A Culmination of the Hostilities: The Arrest Warrant on Donald Trump
by Boran GÖHER
Over the 4 years of the Donald J. Trump administration, one of the USA’s most consistent foreign policies has been hostility towards Iran. President Trump first started attacking the Joint Comprehensive Plan of Action (JCPOA), which was seen as one of the greatest diplomatic breakthroughs of the Obama presidency. The plan, in essence, constricted the ability of Iran to produce nuclear weapons by limiting its uranium stockpile and uranium enrichment rate. In compliance with the plan, Iran shut down nearly two-thirds of their enrichment centrifuges and reduced their stockpile to less than a twentieth of what it was. Additionally, whether Iran obeyed the plan would be inspected by the International Atomic Energy Agency (IAEA). In return, all sanctions related to Iran’s possession of nuclear weapons were lifted in January of 2016. (1)
President Trump and other key figures of the current administration expressed concern over the timed clauses of the Plan, which were set to expire at certain dates, stating that Iran could rapidly develop nuclear weapons after their expiration. Thus, the USA unilaterally withdrew from the JCPOA in 2018, an action that was met with the scrutiny of key American allies such as Germany and France. A year later, the Iranian government announced that they would stop complying with the JCPOA and started to ramp up the number of active centrifuges and the uranium enrichment rate. This turn of events has caused many key figures, such as Emmanuel Macron, (2) to express concern over the sustainability of the non-proliferation of nuclear weapons in the region.
The Iran nuclear deal, as it is informally known, was not the only source of conflict between the USA and Iran in this 4-year period, however, President Trump has made many hostile remarks towards Iran in an official capacity. Stating that Iran is the “leading sponsor of terrorism” and accusing Iran or Irani-backed groups of many terrorist attacks in the Middle East. (3) One key figure who was subject to much speculation, accusation, and discussion was one Qasem Soleimani. The Trump Administration accused Soleimani of being the mastermind behind many attacks on U.S soldiers in the Middle East and a threat to peace within the region. This did not go over well with the Iranian government, as many Iranians considered Soleimani a national hero, in addition to being the right-hand man of Ayatollah Khamenei and the second most influential man in the country after him. (4)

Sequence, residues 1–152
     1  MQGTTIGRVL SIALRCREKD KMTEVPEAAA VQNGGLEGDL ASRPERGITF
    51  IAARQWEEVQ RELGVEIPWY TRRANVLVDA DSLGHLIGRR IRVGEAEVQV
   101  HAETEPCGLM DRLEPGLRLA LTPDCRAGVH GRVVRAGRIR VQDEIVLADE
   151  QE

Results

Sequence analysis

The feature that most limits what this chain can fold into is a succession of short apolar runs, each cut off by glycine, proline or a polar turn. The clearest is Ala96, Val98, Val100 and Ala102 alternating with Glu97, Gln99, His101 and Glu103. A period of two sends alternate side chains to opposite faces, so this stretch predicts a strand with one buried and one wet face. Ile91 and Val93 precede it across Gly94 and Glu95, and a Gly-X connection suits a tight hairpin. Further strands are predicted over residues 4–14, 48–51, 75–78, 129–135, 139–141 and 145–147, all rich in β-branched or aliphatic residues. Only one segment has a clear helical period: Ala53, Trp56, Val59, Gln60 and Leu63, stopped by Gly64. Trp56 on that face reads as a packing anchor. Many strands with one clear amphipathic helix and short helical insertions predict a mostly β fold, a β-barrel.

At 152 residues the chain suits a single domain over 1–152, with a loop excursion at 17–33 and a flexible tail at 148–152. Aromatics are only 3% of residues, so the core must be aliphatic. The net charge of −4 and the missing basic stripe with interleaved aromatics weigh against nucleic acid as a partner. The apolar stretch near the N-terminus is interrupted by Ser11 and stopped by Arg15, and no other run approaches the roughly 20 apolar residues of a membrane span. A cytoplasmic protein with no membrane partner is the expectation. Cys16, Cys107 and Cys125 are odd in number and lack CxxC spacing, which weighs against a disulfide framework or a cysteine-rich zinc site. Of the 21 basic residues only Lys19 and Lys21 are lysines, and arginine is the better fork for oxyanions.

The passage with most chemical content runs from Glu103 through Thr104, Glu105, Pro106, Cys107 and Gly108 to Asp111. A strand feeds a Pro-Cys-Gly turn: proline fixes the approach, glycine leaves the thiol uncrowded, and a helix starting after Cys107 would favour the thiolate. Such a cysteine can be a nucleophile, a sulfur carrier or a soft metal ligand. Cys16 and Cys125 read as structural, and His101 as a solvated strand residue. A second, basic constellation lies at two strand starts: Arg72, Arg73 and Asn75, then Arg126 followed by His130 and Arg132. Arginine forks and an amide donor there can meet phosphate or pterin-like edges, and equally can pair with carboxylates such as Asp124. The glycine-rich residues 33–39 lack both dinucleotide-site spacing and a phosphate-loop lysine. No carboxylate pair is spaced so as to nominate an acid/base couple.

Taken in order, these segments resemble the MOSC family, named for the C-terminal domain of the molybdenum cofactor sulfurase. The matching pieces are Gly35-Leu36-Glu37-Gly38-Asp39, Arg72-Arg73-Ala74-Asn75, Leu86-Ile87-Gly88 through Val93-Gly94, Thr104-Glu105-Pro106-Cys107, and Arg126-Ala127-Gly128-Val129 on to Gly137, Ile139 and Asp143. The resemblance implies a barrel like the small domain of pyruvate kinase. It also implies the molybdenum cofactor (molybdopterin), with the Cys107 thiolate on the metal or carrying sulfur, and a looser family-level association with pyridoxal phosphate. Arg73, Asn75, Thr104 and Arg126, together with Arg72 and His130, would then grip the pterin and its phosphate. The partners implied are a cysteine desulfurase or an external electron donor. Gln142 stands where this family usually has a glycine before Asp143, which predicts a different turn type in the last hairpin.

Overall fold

Thus, when the hostilities between the USA and Iran led to the assassination of Soleimani, which the U.S took full credit for, the already precarious relationship between the countries was thrown into hellfire. Shortly after the attack, Iran commenced a strike on key American bases in Iraq which, thankfully, did not result in any casualties. Yet, having placed themselves on warpath after the assassination, the Irani response would not end there. For months, the representatives of the two countries attacked each other whenever possible, and relations further deteriorated. Ultimately, on the 27th of July this year, Iran placed out arrest warrants on 36 key figures accused of being behind the assassination. The most striking of these figures was the current President of The United States, Donald J. Trump.
In response, US Special Representative for Iran Brian Hook has stated that the warrant was simply a “propaganda stunt that no one takes seriously and makes the Iranians look foolish," (5). The statements by the Interpol on the issue are a point of support for this position. Interpol has stated that, if the Iranian government requests that they carry out the arrests, they will not comply, as the Interpol would not “undertake any intervention or activities of a political, military, religious or racial character.", as per their constitution. (6) It is unlikely, however, that Iran hoped for international action against the USA with these warrants. Thus far, the statements by the Interpol and the USA have been very predictable and nothing that Iran could not have foreseen.
Yet, the Iranian government decided to publish the warrants, in what is most likely a move to highlight the perceived status of the United States as the aggressor. Again, most likely recognizing all along that this action would, at the very best, only cause diplomatic inconveniences for the U.S and not much more. Still, the arrest warrants stand as a powerful indicator of Iran’s current foreign policy towards the USA. Whether the U.S is truly the aggressor is up for debate, along with the usefulness of the warrants. But the Trump administration has not provided any evidence of Soleimani’s planned attacks towards American bases, which they used as the excuse for his murder. On the other hand, many still think that Iran is one of the greatest causes of instability and the terrorism present in the Middle East, and the U.S is justified in taking action. No matter which side one stands on though, it is clear that the hostilities between Iran and the United States of America will be significant in the international political discourse of the near future.